No comments, please.
As I’ve wrote in an earlier post, the Internet has brought many revolutionary options for artists, but equally as many annoyances too. On the very top of my list are definitely nowadays ubiquitous comments. You can find them on the bottom of almost every website, ranging from global newspapers and their articles written by award-winning journalists discussing hot topics from the politics world, to the website of your local supermarket. And of course, if you put your own literal, musical, visual and any other work online, you can be pretty sure someone will always have something to say about it. Personally, I cannot understand this mentality where everyone just must publicly express their own opinion on anything and everyone, regardless of their own competence and background. Not that I’m for censorship of any kind, but this unlimited freedom and enticing the people by the Internet itself to comment for the sake of comment is frequently just as bad. For a countless times I’ve seen comment wars that have gotten 200% away from the topic itself and that took several times as much of virtual space as the original material. Let’s face it, most of the time people are writing online comments just because they can and out of sheer boredom. And the fact they can hide behind a meaningless nick, gives many of them self-important and rude attitude that can easily grow into hostility and violence.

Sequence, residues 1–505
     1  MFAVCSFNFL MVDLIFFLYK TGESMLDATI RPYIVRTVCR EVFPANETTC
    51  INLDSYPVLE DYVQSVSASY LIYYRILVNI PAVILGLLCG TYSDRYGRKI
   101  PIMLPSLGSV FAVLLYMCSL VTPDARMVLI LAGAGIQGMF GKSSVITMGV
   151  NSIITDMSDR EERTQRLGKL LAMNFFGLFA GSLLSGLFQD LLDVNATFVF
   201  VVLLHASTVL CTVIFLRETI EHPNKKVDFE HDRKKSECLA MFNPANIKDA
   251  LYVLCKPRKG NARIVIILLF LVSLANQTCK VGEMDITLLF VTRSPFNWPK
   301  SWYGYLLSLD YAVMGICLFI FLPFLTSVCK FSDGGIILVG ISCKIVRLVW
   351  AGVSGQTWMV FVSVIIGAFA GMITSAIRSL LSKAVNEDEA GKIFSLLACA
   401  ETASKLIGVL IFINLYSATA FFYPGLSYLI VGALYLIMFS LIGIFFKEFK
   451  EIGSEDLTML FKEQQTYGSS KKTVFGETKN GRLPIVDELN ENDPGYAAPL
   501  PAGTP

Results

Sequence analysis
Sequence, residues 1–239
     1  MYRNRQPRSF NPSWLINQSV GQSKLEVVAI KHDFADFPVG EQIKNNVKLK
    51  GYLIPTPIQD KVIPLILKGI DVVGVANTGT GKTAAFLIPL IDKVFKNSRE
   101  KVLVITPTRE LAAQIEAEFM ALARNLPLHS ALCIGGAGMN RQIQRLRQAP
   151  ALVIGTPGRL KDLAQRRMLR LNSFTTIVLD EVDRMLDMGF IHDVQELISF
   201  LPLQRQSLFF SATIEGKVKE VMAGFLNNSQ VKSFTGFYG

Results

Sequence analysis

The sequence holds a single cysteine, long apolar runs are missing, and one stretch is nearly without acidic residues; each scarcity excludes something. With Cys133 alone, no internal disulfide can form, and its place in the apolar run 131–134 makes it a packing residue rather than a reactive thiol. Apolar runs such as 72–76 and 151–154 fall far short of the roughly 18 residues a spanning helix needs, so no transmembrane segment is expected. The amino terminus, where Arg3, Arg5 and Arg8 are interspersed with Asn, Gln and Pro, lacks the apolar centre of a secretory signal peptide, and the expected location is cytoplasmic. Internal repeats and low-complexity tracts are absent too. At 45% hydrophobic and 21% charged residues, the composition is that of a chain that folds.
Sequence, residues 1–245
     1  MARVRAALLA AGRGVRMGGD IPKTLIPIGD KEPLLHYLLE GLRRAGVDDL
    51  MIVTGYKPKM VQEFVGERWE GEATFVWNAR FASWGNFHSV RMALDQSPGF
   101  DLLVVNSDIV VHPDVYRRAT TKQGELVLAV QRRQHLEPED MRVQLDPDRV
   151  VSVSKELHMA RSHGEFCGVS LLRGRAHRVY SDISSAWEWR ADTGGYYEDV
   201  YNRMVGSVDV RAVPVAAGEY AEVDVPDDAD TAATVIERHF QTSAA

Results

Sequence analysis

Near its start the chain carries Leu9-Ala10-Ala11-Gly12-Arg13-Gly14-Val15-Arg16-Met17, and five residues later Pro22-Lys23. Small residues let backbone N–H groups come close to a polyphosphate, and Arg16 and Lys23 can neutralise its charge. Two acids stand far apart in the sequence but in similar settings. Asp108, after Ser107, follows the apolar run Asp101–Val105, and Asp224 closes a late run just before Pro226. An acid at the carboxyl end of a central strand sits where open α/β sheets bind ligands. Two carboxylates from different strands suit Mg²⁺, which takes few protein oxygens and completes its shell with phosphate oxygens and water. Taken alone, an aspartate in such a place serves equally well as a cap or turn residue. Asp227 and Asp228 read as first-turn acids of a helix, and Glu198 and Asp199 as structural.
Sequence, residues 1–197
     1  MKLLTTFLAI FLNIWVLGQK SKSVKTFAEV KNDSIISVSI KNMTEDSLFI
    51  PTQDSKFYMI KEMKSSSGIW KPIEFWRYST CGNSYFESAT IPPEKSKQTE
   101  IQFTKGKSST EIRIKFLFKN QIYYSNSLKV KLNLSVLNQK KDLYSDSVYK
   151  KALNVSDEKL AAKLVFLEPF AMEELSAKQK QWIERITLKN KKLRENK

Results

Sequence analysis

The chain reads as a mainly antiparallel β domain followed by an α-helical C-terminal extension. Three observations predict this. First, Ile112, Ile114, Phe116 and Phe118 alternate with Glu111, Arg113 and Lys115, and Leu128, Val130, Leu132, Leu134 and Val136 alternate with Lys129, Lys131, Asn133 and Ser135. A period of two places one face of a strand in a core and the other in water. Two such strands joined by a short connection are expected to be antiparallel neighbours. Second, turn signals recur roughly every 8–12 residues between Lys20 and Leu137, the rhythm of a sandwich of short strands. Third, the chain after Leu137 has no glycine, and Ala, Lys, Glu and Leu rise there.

On the other hand, there is certain controversy about going along with these modern trends in order to achieve your own goals as an artist. The Internet had brought a potential to everyone doing creative work to present and promote their own work by themselves, especially if they’re yet to receive deserving recognition from the others. In that respect, one is often desperately hoping to get noticed, especially by the people who can help you out in a concrete way, but in the process you’re also exposing yourself, your privacy and personality as well as your work literally to everyone, including those whose intentions are not good at all.
So where is the line between this need to show yourself and what you’re doing to the world and the risk of being criticized and bullied just for the sake of it? Especially if you’re withdrawn and private person by nature and don't want to obtrude. Not to forget the fact that the work you’re trying to present is a result of painstaking personal growth and self-sacrifice. There is always a choice: in most cases, you can simply disable comments altogether. This is what I do for the time being although it may well work against me. I’m doing this not because I cannot stand criticism, but because of the banality of commenting itself.
To conclude, I will try to recreate a dialog from the movie “Crimson Tide” starring Gene Hackman and Denzel Washington. For those who’ve may not seen it yet, Hackman plays the submarine captain and Washington his executive officer. At the beginning of the film, there is a scene where the two are standing on the tower of the sub looking at sunset just before they will submerge for a indeterminate period of time. Hackman first says: “This is my favorite part”. After a few moments of mutual silence, he adds to Washington: “Bravo, Hunter. You’ve knew to shut up and enjoy the view”.